Sean McMullen changes yesterday

Australian speculative fiction author Sean McMullen was recently nominated for a Hugo award, the granddaddy of honours in the international science fiction scene — a huge achievement for which Sean deserves much congratulations. But that’s not what this blog post is about. Today, Literary Clutter is focusing on Sean’s new book Changing Yesterday. It’s a sequel to his YA, SF, time-travel, historical, adventure novel, Before the Storm. And so I’ve asked Sean to tell us a little about this new novel…

Changing Yesterday
by Sean McMullen

The setting for Changing Yesterday is 1901, and this is not a time that’s been explored much in Australian fiction. I like it because we see a combination of really old-fashioned attitudes and social values with the really early versions of what we take for granted today — like radio, cars, motorbikes, and safe international transport.

There is some back story to Changing Yesterday. Australia’s first parliament gets bombed — the roof falls in, killing most of Australia’s political leaders and some British royals. Evidence is found that links Germany to the attack, and this sets off a world war that lasts over a hundred years. When experiments are done to send nuclear weapons back through time, two idealistic cadets, Liore and Fox, decide that enough is enough. They travel back through time to stop the bombing of parliament and prevent the war. They are aided by four Melbourne teenagers from 1901, Daniel, Emily, Barry and Muriel. In the previous book, Before the Storm, they prevent the bombing and discover that Germany had nothing to do with it. A British secret society, the Lionhearts, bombed parliament to start the war and unify the British Empire.

By the beginning of Changing Yesterday, the Lionhearts are still trying to start their war, but the alliance of teenagers is falling apart. Muriel and Daniel had been dating, but she dumps him and runs off to Paris with Fox to become an artist. Daniel falls apart pretty spectacularly, so his parents send him to an English boarding school to get a bit of discipline beaten into him. While all this is going on, Barry steals Liore’s deadly plasma rifle. This is a weapon from the future that can sink a ship, so its theft is a big issue. Barry sails for England on Daniel’s ship, and plans to sell the weapon to the king. The very angry Liore goes after Barry on another ship, but the Lionhearts now know about the weapon, and are also after Barry. They think the weapon would be ideal to trigger the war between Britain and Germany, and they are right.

Most of the story happens on steam ships travelling from Melbourne to London, and this was a problem for the plotting. Imagine the flight from Melbourne to London on a 747. Now change the 747 into a floating hotel, make the trip fifty times longer, and remove the air conditioning. That’s right, the voyage was very long, seriously boring, and pretty uncomfortable in the tropics. Once I started doing some research I found that it was not quite so bad, though. The ships arranged a lot of entertainment like concerts, banquets, dances and deck games, and a lot of romance went on as well.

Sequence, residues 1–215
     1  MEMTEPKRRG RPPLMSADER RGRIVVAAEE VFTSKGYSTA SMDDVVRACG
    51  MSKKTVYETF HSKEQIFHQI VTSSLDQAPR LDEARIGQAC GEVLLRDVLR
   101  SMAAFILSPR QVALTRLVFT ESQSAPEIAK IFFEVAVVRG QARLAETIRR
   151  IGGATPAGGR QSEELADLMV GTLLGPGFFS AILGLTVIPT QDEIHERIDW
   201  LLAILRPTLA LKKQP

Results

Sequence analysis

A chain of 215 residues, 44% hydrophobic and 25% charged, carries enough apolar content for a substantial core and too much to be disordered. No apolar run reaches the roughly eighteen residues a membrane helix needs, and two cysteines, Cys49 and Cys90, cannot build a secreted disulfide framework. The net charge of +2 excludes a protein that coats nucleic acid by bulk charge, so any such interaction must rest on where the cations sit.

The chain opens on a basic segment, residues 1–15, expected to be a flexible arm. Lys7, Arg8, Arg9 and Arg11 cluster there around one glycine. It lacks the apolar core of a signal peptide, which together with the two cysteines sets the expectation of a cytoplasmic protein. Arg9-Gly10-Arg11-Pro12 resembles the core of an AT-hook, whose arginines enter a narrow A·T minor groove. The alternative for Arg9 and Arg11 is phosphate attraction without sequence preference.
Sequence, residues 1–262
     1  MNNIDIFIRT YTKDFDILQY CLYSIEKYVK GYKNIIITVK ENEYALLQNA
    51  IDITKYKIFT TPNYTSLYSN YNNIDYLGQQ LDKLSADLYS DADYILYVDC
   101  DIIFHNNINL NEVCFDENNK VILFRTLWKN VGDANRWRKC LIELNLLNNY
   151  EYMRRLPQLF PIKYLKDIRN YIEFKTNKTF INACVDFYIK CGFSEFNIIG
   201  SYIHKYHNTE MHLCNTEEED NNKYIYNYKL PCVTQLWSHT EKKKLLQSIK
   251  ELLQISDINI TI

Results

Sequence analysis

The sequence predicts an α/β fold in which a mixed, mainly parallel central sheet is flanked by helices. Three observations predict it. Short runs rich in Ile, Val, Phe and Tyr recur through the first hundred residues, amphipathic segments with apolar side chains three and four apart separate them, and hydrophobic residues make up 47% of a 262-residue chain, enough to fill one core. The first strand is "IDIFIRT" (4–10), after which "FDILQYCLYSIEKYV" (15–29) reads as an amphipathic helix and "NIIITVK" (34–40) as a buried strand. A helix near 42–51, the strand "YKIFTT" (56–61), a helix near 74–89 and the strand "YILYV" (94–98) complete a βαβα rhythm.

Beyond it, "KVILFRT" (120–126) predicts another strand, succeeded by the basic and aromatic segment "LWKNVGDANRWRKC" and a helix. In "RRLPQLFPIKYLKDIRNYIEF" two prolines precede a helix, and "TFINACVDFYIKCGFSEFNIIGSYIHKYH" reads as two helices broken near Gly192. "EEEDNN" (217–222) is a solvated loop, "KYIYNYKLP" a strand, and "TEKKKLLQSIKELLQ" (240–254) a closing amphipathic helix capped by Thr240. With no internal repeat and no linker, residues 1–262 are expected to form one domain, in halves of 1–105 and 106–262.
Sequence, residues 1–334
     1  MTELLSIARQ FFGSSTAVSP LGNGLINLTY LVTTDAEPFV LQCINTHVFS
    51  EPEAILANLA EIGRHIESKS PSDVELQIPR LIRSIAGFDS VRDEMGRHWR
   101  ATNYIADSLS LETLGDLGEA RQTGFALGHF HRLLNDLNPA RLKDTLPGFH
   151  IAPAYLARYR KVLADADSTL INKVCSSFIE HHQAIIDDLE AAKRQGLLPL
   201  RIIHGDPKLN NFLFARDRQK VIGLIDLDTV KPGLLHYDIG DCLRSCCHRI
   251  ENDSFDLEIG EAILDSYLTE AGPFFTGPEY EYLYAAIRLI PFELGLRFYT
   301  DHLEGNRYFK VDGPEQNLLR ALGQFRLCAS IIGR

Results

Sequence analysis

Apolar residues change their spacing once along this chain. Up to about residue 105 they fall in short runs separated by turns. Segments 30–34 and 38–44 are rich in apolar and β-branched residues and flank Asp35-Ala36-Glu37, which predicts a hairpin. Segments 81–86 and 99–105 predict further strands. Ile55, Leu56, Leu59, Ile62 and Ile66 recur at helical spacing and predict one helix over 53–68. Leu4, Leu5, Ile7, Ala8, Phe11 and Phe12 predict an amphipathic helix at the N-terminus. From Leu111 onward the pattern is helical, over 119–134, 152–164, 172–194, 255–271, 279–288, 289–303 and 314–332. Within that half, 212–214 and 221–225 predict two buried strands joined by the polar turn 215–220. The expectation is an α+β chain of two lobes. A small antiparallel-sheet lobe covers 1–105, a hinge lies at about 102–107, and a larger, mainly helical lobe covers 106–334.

In Changing Yesterday I had Barry Porter, a sort of teenage criminal-in-training, traveling first class on stolen money, and because he is rather short on manners and is right into petty theft, there is a lot of scope for comedy. Daniel is almost as good value, because he is trying to pine for his lost girlfriend on a ship where there are way more girls than boys. Most of them are bored out of their brains, and the handsome and talented Daniel looks like he could be a lot of fun if he could be persuaded to forget Muriel.

When Daniel’s ship reaches Colombo, Liore and her new friend Madeline come aboard, and the story becomes a bit like the Terminator on the Titanic. Several Lionheart agents also come aboard, but Liore has more fighting skills than they ever knew, and one by one they go over the side. Meantime Barry jumped ship with the weapon back at Colombo, and is ahead of them on a tramp steamer. When the Lionhearts catch up and relieve him of Liore’s weapon, it seems that all is lost, but Liore has a cunning plan. It might sink the ship, but it would definitely end the Lionheart threat forever.

Although Changing Yesterday is an adventure that stretches halfway around the world, it is also a novel about growing up. Barry does not want to grow up, because he’s too good at being a ratty street kid. Liore was never really a child, and she is already perfect as a warrior. Madeline had to leave school to run her mother’s shop, so she has grown up already. Daniel is fifteen, but has always been held down by his parents and older sister. Putting him on a ship, alone, is his family’s biggest mistake, and over six weeks he becomes brave, resourceful and quite independent. This sort of journey is one that we all make at one time or another, and although Changing Yesterday is set in 1901, the characters still make the same mistakes as we do.

George’s bit at the end

Given the fact that I LOVED Before the Storm, I am very much looking forward to reading Changing Yesterday. In fact, it’s already sitting in my must-read-soon pile.

Changing Yesterday was released by Ford Street Publishing on 1 July. For more info about Sean and his writing, check out his website.

And tune in next time for a visit from author Tristan Bancks.

Catch ya later,  George

PS. Follow me on Twitter.

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Published by

George Ivanoff

LITERARY CLUTTER: Bookish bloggings from the cluttered mind and bookshelf of Melbourne author, George Ivanoff. George is the author of the YOU CHOOSE books, the OTHER WORLDS series, the RFDS Adventures and the GAMERS trilogy.